While night is still approaching, the nurarihyon comes to visit as the chief monster.[12]

Those two yōkai researchers posit that this caption resulted in the proliferation of this thought in later years, and that this was actually a made-up idea that came from an interpretation of Toriyama Sekien's picture.[6][2] Murakami and Tada posit that in fact, Fujisawa's assertion that the "nurarihyon comes to visit as the chief monster" is nothing more than a big guess.[6][2]

Also, in Wakayama Prefecture, stories where a nurarihyon appear were published to explain them,[13] but those stories originate from a story titled "Nurarihyon" in the collection of writings, "Obake Bunko 2, Nurarihyon" (Library of Monsters 2: Nurarihyon) by Norio Yamada, and it is thought that this is also made-up.[6]

Toward the end of the Shōwa period, on the basis of Fujisawa's interpretation given by the caption, the thought that they "come into one's home" or that they are a "supreme commander of yōkai" took a life of its own after Mizuki Shigeru and Arifumi Satō spread them through their own illustrated yōkai reference books,[3] and in the animated television series, the 3rd "GeGeGe no Kitarō" (starting in 1985), a nurarihyon was the antagonist and arch-enemy of the main character Kitarō, and was a self-proclaimed "supreme commander," which altogether can be seen as things that made their perception as being "supreme commanders" even more famous.[14]

The literary scholar Kunihiro Shimura states that all these above characteristics have made the legend stray far from its original meaning and made it artificially distorted.[2] On the other hand, Natsuhiko Kyōgoku states that in his opinion, this yōkai is performing its function just fine in its present form so there is no problem,[15] and that by understanding yōkai as a part of a living culture, he does not mind that they change to fit with the times.[16] Natsuhiko Kyōgoku participated in the animated television series, the 4th "Gegege no Kitarō" as a guest writer for the 101st episode, but here, the nurarihyon would be in its original form, as an octopus.

They are also depicted as in Hell Teacher Nūbē as a ruined visitor god.

Etymology[edit]

The name Nurarihyon is a portmanteau of the words "Nurari" (Japanese: ぬらり or 滑) meaning "to slip away" and "hyon" (Japanese: ひょん or 瓢), an onomatopoeia used to describe something floating upwards. In the name, the sound "hyon" is represented by the character for "gourd".[17] The Nurarihyon is unrelated to another, similarly named ocean Yōkai from Okayama Prefecture.[18]

Appearance and behaviour[edit]

The Nurarihyon is usually depicted as an old man with a gourd-shaped head and wearing a kesa.[17] In some depictions he also carries a single sword rather than the standard two to demonstrate his wealth. There is speculation that in Toriyama Sekien’s portrayal of Nurarihyon, he serves as a political cartoon to represent the aristocracy. [19] Others suggest that he is retired from a samurai family due to the sword and his clothing style.[20]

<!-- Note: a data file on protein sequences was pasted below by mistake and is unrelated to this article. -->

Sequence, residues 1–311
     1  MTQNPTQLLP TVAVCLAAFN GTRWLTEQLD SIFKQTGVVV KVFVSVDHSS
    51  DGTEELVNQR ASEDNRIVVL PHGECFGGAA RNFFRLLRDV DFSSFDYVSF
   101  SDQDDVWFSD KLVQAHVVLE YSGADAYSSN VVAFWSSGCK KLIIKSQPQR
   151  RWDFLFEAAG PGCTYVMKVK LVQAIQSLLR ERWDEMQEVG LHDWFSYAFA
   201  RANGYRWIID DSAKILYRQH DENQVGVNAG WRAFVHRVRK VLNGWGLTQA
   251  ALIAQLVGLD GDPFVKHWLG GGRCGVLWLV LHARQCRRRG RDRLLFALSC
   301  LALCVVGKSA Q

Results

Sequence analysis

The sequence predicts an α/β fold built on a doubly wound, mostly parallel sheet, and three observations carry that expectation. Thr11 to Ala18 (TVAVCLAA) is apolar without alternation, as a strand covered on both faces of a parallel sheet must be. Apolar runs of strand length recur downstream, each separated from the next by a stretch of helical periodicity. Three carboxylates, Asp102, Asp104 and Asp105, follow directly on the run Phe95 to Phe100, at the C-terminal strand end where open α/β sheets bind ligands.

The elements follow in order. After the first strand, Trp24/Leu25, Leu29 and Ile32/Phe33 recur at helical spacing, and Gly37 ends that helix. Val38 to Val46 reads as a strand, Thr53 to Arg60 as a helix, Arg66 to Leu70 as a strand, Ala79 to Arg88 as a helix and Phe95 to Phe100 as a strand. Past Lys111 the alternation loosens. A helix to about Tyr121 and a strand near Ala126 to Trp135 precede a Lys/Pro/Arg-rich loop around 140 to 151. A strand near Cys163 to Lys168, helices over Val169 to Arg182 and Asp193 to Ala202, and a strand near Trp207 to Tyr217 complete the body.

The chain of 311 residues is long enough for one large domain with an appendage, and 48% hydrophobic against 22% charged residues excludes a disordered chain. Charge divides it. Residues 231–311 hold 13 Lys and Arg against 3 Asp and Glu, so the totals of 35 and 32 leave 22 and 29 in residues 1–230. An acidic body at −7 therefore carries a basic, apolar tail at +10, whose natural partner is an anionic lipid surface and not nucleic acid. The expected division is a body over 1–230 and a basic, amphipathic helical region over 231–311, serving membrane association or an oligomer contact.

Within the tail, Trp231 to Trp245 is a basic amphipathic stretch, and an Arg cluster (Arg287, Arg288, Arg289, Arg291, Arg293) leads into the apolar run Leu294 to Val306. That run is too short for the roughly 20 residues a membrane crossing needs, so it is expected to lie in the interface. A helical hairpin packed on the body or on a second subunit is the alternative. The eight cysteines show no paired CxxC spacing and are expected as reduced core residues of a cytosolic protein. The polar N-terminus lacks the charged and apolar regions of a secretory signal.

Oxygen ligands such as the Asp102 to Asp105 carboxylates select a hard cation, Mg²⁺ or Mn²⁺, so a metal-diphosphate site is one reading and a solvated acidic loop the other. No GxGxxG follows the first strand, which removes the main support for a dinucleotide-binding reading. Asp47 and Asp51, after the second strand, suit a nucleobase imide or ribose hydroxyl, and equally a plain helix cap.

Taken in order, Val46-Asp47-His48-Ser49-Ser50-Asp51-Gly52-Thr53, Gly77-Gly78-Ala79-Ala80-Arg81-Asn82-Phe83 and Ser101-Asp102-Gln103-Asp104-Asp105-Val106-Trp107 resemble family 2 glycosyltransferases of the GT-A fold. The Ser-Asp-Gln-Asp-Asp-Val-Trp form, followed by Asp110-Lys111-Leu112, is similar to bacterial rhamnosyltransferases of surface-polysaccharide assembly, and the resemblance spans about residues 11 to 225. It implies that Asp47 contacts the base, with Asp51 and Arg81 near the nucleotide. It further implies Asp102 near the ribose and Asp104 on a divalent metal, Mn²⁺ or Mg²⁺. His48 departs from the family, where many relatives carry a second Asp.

The Nurarihyon is often depicted sneaking into people's houses while they are away, drinking their tea, and acting as if it is their own house.[18][21] However, this depiction is not one based in folklore, but one based on hearsay and repeated in popular Yōkai media.[18][22]

Notes[edit]

  1. ^ a b 『広辞苑』第五版 岩波書店 2006年。
  2. ^ a b c d e 村上 2000, pp. 255-258
  3. ^ a b c d e f 志村 2011, pp. 73-75
  4. ^ a b 稲田篤信・田中直日編 (1992). 高田衛監修 (ed.). 鳥山石燕 画図百鬼夜行. 国書刊行会. pp. 84頁. ISBN 978-4-336-03386-4.
  5. ^ 稲田篤信・田中直日編 (1992). 高田衛監修 (ed.). 鳥山石燕 画図百鬼夜行. 国書刊行会. pp. 81頁. ISBN 978-4-336-03386-4.
  6. ^ a b c d e f g 多田 2000, p. 149
  7. ^ 平川林木「山陽路の妖怪」(季刊『自然と文化』1984年秋季号 日本ナショナルトラスト 44-45頁)
  8. ^ 村上健司他編著 (2000). 百鬼夜行解体新書. コーエー. p. 90. ISBN 978-4-87719-827-5.
  9. ^ 福島彬人『奇々怪々あきた伝承』無明舎 1999年 133頁 ISBN 4-89544-219-5
  10. ^ 秋田叢書刊行会『秋田叢書』第三巻(『雪の出羽路』雄勝郡 二) 137頁
  11. ^ 水木しげる『決定版日本妖怪大全 妖怪・あの世・神様』 講談社講談社文庫) 2014年 ISBN 978-4-06-277602-8 533頁
  12. ^ 藤沢衛彦『妖怪画談全集 日本篇 上』中央美術社 1929年 291頁
  13. ^ 水木しげる『日本妖怪大全』講談社 1991年 ISBN 4-06-313210-2 330頁
  14. ^ 宮本幸枝・熊谷あづさ (2007). 日本の妖怪の謎と不思議. GAKKEN MOOK. 学習研究社. p. 83. ISBN 978-4-05-604760-8.
  15. ^ 京極夏彦 (2008). 対談集 妖怪大談義. 角川文庫. 角川書店. p. 50. ISBN 978-4-04-362005-0.
  16. ^ 水木しげる・京極夏彦 (1998). 水木しげるvs.京極夏彦ゲゲゲの鬼太郎解体新書. 講談社. pp. 24–25. ISBN 978-4-06-330048-2.
  17. ^ a b Meyer 2013, p. "Nurarihyon".
  18. ^ a b c Foster & Kijin 2014, p. 218.
  19. ^ Yoda 2016, p. 64.
  20. ^ Zenyoji 2015, p. 230.
  21. ^ Mizuki 1994, p. 344-345.
  22. ^ Kyōgoku & Tada 2000, p. 149.

References[edit]

  • Davisson, Zack (March 2015). "Back Matter: Nurarihyon". Wayward Volume One: String Theory. Image Comics. ISBN 978-1-63215-173-5.
  • Foster, Michael Dylan; Kijin, Shinonome (2014). The Book of Yōkai: Mysterious Creatures of Japanese Folklore. University of California Press. ISBN 9780520271029.
  • Kyōgoku, Natsuhiko; Tada, Katsumi (2000). Yōkai Zukan. Kokusho Kankōkai. ISBN 978-4336041876.
  • Meyer, Matthew (2013). "Nurarihyon". yokai.com. Retrieved 22 May 2016.
  • Mizuki, Shigeru (1994). Zusetsu Nihon Yōkai Taizen. Kōdansha. ISBN 9784062776028.
  • Murakami, Kenji (2000). Yōkai Jiten. Mainichi Shinbunsha. ISBN 978-4620314280.
  • Yoda, Hiroko (2016). Japandemonium Illustrated: The Yōkai Encyclopedias of Toriyama Sekien. Mineola, New York: Dover Publications, Inc. ISBN 9780486800356.
  • Zenyōji, Susumu (2015). E de miru Edo no yōkai zukan. Tokyo: Kōsaidō Shuppan. ISBN 9784331519578.

See also[edit]

External links[edit]